If you follow higher education news from south of the border, one scrap you’ll probably have noticed over the past year or so is the one over tenure in Wisconsin. Until recently, tenure provisions at the University of Wisconsin were inscribed in state law. Last year, Wisconsin Governor and erstwhile presidential candidate Scott Walker decided to remove tenure protection, leaving the University’s Board of Regents to inscribe it in their own rules. At the same time, the Governor gave university management more power, free from the scrutiny of Senate and other shared-governance arrangements, to close or modify programs. Put these two things together, add the fact that public sector unions in Wisconsin are legally forbidden from bargaining over anything other than wages, and you have a situation where it’s a lot easier to get rid of professors than it used to be.
So far, so clear. For obvious reasons, professors at Wisconsin are upset about this, and many are calling this new system #faketenure because they believe that any tenure protection given through new Board of Regents rules is effectively undermined by the new management powers to eliminate or modify programs. This, they say, means that there will be a form of academic chill at Wisconsin, with people afraid to voice controversial opinions or undertake challenging research for fear of political backlash.
Now, I get why most professors would prefer the old regime to the new, but the idea that challenging or difficult research can only take place in environments where tenure is ironclad and all program modifications can only take place with faculty agreement is simply not true. If this is genuinely your position, you have to have a good answer to the question: “what about the UK and Australia?”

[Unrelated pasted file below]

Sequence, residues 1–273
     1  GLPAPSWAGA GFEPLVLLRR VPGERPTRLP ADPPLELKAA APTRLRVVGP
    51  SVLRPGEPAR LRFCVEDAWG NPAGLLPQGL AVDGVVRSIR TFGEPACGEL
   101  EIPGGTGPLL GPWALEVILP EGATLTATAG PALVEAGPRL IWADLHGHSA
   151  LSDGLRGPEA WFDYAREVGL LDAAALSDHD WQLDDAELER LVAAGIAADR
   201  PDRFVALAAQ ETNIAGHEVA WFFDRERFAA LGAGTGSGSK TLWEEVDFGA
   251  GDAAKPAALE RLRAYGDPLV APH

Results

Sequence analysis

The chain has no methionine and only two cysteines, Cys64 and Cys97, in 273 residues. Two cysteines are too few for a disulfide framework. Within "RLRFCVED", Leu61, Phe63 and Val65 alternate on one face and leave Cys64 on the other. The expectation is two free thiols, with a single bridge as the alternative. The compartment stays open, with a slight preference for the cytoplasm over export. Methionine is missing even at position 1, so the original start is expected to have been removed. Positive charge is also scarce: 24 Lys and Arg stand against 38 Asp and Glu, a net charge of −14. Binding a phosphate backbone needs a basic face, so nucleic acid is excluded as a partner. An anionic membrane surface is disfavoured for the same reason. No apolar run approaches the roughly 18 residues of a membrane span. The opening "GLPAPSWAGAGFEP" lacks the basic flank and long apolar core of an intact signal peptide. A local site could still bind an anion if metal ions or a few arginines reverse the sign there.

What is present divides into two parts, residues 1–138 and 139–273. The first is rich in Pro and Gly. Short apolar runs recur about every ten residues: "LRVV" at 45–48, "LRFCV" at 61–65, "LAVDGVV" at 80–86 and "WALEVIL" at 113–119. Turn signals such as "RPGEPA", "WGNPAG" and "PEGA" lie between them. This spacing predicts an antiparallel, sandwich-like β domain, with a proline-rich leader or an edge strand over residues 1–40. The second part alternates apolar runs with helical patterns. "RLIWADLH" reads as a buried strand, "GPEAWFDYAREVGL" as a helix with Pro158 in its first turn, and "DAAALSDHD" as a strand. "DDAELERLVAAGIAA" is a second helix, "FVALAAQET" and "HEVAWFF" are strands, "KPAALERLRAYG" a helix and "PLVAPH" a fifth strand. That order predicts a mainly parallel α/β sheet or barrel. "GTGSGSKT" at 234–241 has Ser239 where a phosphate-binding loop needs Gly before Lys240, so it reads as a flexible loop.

In the late-1980s, the Thatcher government in the UK simply abolished tenure for anyone hired after 1987. People were still hired on permanent contracts (though as in the US and Canada, massification also led to an increase in the use of part-time contracts), but there was nothing stopping institutions from making people redundant by chopping whole departments – as is the case in Wisconsin. Of course, unions can deter this to some degree by insisting on buyouts, redeployments, etc (as indeed Canadian unions do, too – see here for more on this). But essentially, the conditions in the UK are pretty close to what some in Wisconsin are calling #faketenure, and yet one doesn’t often encounter the claim that UK researchers are doing ideologically cowed, or less daring research.
It’s the same thing in Australia. Universities give out “permanent” positions somewhat more quickly than our universities – their equivalent of “tenure-track” is maybe half as long as it is here – but academics are much more actively managed (a fall in publications will bring a rise in teaching load relatively quickly), and large-scale institutional restructuring is much more common (La Trobe University, for instance, more or less slashed its entire economics department a couple of years ago). Again, possibly not a model to follow if you’re a prof, but can anyone really claim that Australian academics are less free, less bold, less daring than their counterparts elsewhere?
To put this simply: people make a lot of universal declaratory statements about tenure and academic freedom. For the most part, they aren’t true. There is lots of top-notch research – even in the social sciences and humanities, where a lot of the most controversial stuff is concentrated – that occurs in places without the specific North American context of tenure and shared governance. This is undeniable.
Now, this isn’t to say that removing those kinds of protections over here in North America wouldn’t have an effect. One of the reasons the loss of protection in Wisconsin is cause for concern is because Wisconsin’s Board of Regents is increasingly a partisan body, with its members entirely appointed by the Governor, and it’s not that far-fetched to imagine them going after specific programs or even specific professors.
But that’s precisely the point: claims about the effects/benefits/drawbacks of any particular constellation of policies on tenure and academic freedom need to take very close account of the legal and political context in which they are operating. Claiming that tenure *has* to be inscribed in a collective bargaining agreement, or that it *has* to be inscribed in legislation are equally incorrect; the point is that there are many possible equilibria on tenure, governance, and academic freedom. Claiming the opposite is simply evidence of a fairly limited imagination about how higher education can be run.